"Philomela" by Emma Tennant (1937, UK) is based on the ancient Greek myth of Philomela, a princess of Athens who was raped and had her tongue torn out by her brother-in-law.
Tennant comes from a well connected and distinguished family. Her father was a baron. She began her writing career as a travel writer for Queen Magazine and was the editor of the British edition of Vogue. She has published novels that are sequels to Pride and Prejudice as well as Jane Eyre. She also wrote a novel based on her affair with Ted Hughes, Burnt Desires. (There is more information about her life and work here.)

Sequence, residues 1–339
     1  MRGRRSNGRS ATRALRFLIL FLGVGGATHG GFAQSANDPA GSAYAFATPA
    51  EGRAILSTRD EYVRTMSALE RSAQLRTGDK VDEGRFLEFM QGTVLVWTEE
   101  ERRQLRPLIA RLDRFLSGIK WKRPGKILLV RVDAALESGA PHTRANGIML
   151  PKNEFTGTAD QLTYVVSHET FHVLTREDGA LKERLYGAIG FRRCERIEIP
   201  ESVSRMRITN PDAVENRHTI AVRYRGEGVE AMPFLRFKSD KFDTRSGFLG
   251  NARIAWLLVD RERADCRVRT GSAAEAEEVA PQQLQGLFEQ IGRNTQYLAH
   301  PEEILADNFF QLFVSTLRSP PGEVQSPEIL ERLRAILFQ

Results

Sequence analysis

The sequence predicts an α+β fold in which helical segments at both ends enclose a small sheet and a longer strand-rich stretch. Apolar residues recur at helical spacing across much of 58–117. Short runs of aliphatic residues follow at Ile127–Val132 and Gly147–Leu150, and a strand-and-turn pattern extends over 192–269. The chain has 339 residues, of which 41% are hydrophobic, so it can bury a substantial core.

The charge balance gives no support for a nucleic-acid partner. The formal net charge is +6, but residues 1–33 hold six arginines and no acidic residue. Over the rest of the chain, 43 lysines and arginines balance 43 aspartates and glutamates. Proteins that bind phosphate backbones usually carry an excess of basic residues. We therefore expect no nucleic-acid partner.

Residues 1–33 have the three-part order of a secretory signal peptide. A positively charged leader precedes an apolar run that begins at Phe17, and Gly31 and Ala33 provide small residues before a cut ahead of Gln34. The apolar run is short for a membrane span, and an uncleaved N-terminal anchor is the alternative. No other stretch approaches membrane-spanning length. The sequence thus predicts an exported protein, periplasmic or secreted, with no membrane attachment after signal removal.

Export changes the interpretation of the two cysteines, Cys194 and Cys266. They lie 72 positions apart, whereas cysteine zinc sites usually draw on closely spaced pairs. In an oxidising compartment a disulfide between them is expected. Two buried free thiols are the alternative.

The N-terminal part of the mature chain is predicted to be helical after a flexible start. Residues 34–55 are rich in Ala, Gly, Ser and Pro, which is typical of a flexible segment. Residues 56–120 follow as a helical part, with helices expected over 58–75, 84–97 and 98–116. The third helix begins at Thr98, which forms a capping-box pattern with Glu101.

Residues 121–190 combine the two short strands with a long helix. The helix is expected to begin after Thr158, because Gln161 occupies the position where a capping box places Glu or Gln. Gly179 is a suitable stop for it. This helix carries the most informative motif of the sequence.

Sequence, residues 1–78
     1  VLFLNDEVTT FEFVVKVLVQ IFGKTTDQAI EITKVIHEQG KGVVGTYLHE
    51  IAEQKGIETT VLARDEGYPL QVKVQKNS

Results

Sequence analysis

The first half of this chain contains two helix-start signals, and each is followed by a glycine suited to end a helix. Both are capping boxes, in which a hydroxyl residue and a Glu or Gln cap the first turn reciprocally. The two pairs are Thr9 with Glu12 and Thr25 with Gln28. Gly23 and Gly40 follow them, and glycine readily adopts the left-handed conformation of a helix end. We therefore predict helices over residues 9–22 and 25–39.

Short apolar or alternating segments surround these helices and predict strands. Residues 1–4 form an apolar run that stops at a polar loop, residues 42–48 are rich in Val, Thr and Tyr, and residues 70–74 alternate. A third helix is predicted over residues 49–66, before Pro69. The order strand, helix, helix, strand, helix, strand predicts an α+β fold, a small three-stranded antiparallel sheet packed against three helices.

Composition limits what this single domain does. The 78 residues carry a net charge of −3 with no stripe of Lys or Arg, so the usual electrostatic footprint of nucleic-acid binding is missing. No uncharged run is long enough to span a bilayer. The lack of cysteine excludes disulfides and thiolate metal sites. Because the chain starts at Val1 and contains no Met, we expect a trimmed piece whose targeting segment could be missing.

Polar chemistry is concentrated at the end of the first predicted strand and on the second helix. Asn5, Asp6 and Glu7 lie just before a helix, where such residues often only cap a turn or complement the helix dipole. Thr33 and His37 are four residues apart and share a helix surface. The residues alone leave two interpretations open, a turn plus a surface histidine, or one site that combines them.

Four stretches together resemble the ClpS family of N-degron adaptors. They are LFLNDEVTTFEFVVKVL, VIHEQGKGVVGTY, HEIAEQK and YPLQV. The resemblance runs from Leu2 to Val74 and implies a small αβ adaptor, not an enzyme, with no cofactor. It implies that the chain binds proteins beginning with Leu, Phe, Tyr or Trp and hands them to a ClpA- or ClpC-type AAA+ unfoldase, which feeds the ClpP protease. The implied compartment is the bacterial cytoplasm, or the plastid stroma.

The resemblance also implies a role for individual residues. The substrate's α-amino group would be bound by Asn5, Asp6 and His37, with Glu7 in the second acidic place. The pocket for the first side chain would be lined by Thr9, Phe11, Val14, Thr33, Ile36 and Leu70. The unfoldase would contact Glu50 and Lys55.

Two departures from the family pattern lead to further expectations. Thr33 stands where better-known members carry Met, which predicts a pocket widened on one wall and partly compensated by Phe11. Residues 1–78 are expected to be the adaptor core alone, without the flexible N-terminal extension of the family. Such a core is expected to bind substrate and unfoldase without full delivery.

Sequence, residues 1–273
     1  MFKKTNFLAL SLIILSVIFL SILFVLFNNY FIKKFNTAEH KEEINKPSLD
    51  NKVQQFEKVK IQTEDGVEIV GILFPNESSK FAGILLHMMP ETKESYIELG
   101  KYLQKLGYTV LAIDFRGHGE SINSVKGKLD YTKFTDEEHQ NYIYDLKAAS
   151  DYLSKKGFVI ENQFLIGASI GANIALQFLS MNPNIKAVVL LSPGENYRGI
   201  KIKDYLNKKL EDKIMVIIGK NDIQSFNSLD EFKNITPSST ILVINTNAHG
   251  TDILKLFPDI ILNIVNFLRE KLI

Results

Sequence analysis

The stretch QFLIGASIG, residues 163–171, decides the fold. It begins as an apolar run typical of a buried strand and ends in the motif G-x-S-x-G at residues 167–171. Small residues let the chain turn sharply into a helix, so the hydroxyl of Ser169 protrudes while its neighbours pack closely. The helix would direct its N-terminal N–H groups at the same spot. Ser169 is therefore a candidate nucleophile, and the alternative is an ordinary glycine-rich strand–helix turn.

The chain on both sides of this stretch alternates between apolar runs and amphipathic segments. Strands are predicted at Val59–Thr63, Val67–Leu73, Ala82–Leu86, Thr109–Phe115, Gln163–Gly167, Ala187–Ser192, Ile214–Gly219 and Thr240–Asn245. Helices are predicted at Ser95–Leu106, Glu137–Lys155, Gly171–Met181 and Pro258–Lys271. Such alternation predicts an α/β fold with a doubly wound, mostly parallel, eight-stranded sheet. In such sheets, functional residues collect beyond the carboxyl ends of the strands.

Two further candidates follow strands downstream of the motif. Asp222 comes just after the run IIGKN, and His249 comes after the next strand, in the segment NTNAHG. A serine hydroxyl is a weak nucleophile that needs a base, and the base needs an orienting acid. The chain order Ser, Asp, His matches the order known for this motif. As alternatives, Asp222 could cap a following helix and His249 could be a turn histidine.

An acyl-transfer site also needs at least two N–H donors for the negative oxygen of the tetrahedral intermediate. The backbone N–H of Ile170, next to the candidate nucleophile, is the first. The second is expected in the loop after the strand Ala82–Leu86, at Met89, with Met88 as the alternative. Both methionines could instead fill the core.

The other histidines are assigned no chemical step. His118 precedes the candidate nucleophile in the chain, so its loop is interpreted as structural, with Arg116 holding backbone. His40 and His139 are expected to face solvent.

"Philomela" is set in ancient Athens and is told in the first person by a woman of Nobel rank who was given in marriage for the sake of political alliances. She sees herself more or less as a glorified slave when she talks to her beloved sister Philomela about whether or not she should accept her future role as a wife of a war loving political leader. They agree that the sister has no choice but to accept the marriage. As she travels to her new home she and Philomela make plans for Philomela to join them. The rest of the story is pretty much a retelling of the myth.
I enjoyed this story a lot, especially the ending where the sister of Philomela takes terrible revenge on her husband for his rape and mutilation of her sister.
I read this story in The Penquin Book of Modern British Short Stories edited by Malcolm Bradbury. The story originally appeared in Banana, a literary magazine edited by Tennant, in 1975.